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Brussels Is Sprouting A Digital Grid For A Green Boom

Tomas Kellner
August 02, 2016
There is plenty of uncertainty in Brussels this summer, the home to a number of European Union institutions. But one safe bet in the Belgian metropolis is that the lights will stay on.
That’s because the city’s electrical grid is using the Industrial Internet to get smarter. Sibelga, the company that operates the only distribution network in Brussels, will soon adopt GE’s PowerOn Advantage, a sophisticated software solution that controls electricity flows between the traditional grid and the consumer. The software runs on Predix, GE’s data and analytics platform.

By collecting and analyzing data about the gigantic mesh of wires and cables that keep Brussels humming, it will allow Sibelga to optimize power flows around the city, avoid outages and minimize waste.

This advanced distribution management system (ADMS) will be invaluable to Belgium as it braces for a boom in renewable energy generation. The country is aiming for renewables to account for 13 percent of energy consumption by 2020. “Renewables have helped to break the traditional top-down electricity model,” says Karim El Naggar, chief digital officer at GE Energy Connections. “The growing percentage of solar and wind in the mix means that more energy is flowing from the bottom up.”

EUshutterstock_739579237864364067 Brussels is home to a number of EU institutions, including its executive body, the European Commission (above). Images credit: Shutterstock

This inversion helps cut carbon emissions, but it also strains the power grid. Our electricity superhighways now need to handle smaller-scale plants that are feeding in power at various voltages, as well as manage power flows that are constantly changing direction.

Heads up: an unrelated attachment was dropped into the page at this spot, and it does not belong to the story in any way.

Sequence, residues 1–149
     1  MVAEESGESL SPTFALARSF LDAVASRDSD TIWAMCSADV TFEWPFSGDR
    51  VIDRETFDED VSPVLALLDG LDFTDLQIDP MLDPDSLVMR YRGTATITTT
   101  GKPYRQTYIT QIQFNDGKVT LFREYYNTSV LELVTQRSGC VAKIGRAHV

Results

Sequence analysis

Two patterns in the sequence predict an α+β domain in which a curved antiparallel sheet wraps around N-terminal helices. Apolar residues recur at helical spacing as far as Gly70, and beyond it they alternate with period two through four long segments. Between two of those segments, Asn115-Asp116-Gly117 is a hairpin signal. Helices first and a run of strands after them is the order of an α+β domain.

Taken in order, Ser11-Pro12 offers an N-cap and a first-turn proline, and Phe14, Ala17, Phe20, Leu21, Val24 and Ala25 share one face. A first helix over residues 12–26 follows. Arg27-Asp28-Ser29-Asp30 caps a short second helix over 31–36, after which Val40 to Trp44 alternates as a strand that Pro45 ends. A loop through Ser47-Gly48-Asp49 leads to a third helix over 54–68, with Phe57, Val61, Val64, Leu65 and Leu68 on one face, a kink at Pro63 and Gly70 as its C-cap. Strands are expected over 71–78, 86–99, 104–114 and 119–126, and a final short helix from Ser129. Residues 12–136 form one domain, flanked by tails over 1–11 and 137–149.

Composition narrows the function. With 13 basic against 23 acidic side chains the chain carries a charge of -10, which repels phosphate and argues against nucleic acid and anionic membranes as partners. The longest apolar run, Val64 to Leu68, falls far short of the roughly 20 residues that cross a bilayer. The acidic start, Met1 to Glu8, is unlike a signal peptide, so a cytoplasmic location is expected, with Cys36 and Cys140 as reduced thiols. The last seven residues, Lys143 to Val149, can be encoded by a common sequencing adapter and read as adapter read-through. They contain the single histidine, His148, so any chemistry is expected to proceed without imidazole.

The intermittence of renewables requires the grid to be a smart courier rather than purely a carrier. Sibelga, which is already one of Europe’s most reliable networks, is constantly fine-tuning power demand as more sources of renewable power are connected to the grid.

El Naggar says that PowerOn Advantage technology will bring a 30 percent reduction in customer minutes lost to outages compared with traditional distribution management systems. Large grid disruptions, when network constraints are close to breaching, generally result in the network dropping solar or wind farms. However, this software allows 20 percent more connections to remain online.

The technology also promises long-term financial benefits. A smarter grid doesn’t just improve the overall quality of power. It increases the lifetime of the cables and transformers that make up the grid, allowing operators to save millions on maintenance and repairs. Those millions can be reinvested to further shore up the grid or expand the network.  “We have taken a long-term view on the technology,” says François Chevalier, a manager of Network Control at Sibelga.

The ADMS is used across the grid, from the utility control room boss tracking the load curve to the engineer switching wires in the field. They’re not wasting time sifting through reams of data, either. “We’ve built the software in a way that allows the data to come to those who need it rather than them having to search for it,” El Naggar says.

Northern European weather is eternally unpredictable. The control room boss might receive a forecast for variable solar and wind generation over the next 24 hours. This would traditionally require constant reconfiguring of the grid to absorb the clean power safely and efficiently. The new software, however, optimizes this process by using historical information about similar days to ensure smooth operation.

The engineer working on the final mile of cable to the customer could also input data into a mobile device. The whole process is decentralized and requires collaborative control, El Naggar says.

Chevalier says that the software will seamlessly integrate with the company’s network. “We wanted to minimize the change to our business processes for the people using the new platform. We were confident that GE’s software allowed us to do this.”